Mobile ticketing with Mozio: Bringing SEPTA into the modern era


I don’t fly into Philadelphia all that often but I’ve done it enough to know that the process of catching a ride on SEPTA from the airport into town mostly sucks. Limited service frequency is one thing but the need to buy tickets from the conductor paying in cash really annoys me. Sure, that’s very #FirstWorldProblem but I still get annoyed by it. Fortunately, I no longer have to worry about that thanks to Mozio.

The startup launched its multi-modal ticketing iOS app (Android coming later this year) in Philadelphia and is featuring SEPTA service between PHL and downtown as part of its push into the market. The 6-month trial program launched last week and is a big boost for Mozio as the company looks to expand its ride booking & navigation platform. Earlier versions were light on mass transit integration making it less appealing to me; I don’t typically need 18 different ways to book a car service from a random airport. Of course, getting in to the mass transit market is rarely easy. Transit operators typically are restrictive on opening access to their systems and given budget challenges they are often unlikely candidates for paying out commissions. Still, the push to get “an app for that” in mass transit is very real and SEPTA is finally playing along, at least in a small way.

The pilot program covers travel between the airport and SEPTA’s five city center stations (University City, 30th Street, Suburban, Jefferson, and Temple). It only works for the purchase of single, one-way tickets, but the tickets sold are priced at $6.50, the discounted rate for advance purchase rather than the on-board $8 full fare. Hopefully the trial is sufficiently successful that the program can expand, though I’m not sure we’ll get from an app to tokens any time soon.



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Seth Miller

I'm Seth, also known as the Wandering Aramean. I was bit by the travel bug 30 years ago and there's no sign of a cure. I fly ~200,000 miles annually; these are my stories. You can connect with me on Twitter, Facebook, and LinkedIn.


  1. As of April 17, you’ll also be able to use a credit card to buy a “quick trip” ticket at the fare kiosks they’ve set up at all the airport terminal stations. It’ll only be good one-way into Center City (still need to buy a ticket at a Center City ticket office for the return), but at least it’s a start. I’m embarrassed by my city every time I see some poor European tourist getting berated by a conductor for not having U.S. currency to buy a ticket after getting off their flight.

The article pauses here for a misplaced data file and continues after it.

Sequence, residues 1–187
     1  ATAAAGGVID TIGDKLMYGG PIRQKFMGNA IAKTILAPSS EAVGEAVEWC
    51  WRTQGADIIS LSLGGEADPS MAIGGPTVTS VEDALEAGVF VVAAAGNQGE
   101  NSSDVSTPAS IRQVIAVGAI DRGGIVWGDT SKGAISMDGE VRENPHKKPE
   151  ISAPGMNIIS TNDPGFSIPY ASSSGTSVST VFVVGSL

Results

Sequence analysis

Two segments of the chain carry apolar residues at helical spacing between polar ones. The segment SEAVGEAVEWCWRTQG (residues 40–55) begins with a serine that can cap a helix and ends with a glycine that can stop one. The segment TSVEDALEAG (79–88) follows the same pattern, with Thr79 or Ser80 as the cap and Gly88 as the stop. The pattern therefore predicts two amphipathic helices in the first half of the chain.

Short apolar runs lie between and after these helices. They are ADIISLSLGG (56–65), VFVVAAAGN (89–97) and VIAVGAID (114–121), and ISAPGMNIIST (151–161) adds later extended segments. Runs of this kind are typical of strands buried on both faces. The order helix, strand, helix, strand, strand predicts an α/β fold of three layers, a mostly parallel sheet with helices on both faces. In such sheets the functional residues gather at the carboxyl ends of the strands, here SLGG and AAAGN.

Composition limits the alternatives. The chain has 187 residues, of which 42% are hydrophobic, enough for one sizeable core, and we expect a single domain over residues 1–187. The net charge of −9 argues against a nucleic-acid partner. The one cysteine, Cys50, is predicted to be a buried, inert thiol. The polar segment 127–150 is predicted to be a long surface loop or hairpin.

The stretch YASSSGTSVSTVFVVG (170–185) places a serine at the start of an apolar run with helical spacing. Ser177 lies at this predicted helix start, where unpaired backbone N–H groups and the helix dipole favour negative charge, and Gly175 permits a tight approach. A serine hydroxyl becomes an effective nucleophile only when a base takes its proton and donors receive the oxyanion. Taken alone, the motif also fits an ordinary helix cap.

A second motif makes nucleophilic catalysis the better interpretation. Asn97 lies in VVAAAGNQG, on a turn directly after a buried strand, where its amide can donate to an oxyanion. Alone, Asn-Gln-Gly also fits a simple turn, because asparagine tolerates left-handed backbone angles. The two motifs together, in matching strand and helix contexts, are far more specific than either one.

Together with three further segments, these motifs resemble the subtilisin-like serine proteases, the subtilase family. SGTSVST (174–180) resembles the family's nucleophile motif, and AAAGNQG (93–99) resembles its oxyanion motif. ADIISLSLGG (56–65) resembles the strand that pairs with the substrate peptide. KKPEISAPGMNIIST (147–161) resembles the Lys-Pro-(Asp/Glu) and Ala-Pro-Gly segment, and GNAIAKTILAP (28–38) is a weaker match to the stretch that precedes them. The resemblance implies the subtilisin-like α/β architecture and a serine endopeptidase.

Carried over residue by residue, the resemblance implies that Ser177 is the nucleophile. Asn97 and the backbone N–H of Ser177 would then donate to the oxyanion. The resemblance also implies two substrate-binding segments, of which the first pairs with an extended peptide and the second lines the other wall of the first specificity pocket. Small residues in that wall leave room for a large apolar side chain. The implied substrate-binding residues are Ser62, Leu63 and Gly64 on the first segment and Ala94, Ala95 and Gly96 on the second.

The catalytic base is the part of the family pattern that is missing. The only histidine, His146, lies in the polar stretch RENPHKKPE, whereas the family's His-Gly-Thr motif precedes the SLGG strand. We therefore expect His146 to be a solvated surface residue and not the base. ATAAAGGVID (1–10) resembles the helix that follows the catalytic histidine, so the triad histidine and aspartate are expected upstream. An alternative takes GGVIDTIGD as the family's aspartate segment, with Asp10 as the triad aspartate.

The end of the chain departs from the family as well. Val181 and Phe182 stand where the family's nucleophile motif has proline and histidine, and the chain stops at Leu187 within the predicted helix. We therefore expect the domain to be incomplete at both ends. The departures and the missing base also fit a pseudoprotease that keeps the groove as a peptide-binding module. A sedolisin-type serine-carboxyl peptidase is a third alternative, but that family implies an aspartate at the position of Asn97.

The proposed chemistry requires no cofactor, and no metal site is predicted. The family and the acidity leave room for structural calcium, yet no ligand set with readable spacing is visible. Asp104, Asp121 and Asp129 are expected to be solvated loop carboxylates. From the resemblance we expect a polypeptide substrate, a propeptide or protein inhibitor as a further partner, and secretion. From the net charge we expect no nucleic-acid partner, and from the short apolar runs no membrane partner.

1. Makes sense that they’d have an internal sales mechanism for such as well but I hadn’t seen confirmation of the kiosks yet. Thanks for that.

      And, yes, the on-board experience in those situations leaves much to be desired. ๐Ÿ˜ฎ

  2. Still most impressed by Chicago’s transit system that uses standard credit card RFID (ie Apple Pay compatible) ticketing. Don’t even have to stop at a machine to buy a pass if you just want a simple one-way fare.

    1. SEPTA is in the process of introducing a similar system ( and phasing out tokens and transfers. It will take a while for that system to be rolled out for the railroads for a variety of reasons, but the Airport line would seem to be an obvious line to start.

  3. Seth, fun to see an article about SEPTA on Boardingarea; and your perspective is useful to me as someone that holds a monthly pass, and thus doesn’t think about the process of buying one-use rides. Putting aside our 2 “subway” lines, i’ve always thought the rest of the train lines run too infrequently to be useful (except to folks like me on a routine clock-in/clock-out work schedule). it’s shame too, because they connect Center City to a TON of different places (there’s 14 heavy rail lines in total). i’d really like to see SEPTA spend on hiring more conductors/engineers, which would enable them to run more frequent, shorter trains. but i suppose upgrading the fare system is a nice investment too.

    1. As a New Yorker I’m well aware of the limitations our ticketing system presents, but I always appreciate that SEPTA stays further behind. ๐Ÿ˜‰

      I’d love to see all of the rail lines increase in frequencies but I’m not sure where the money would come from for that.

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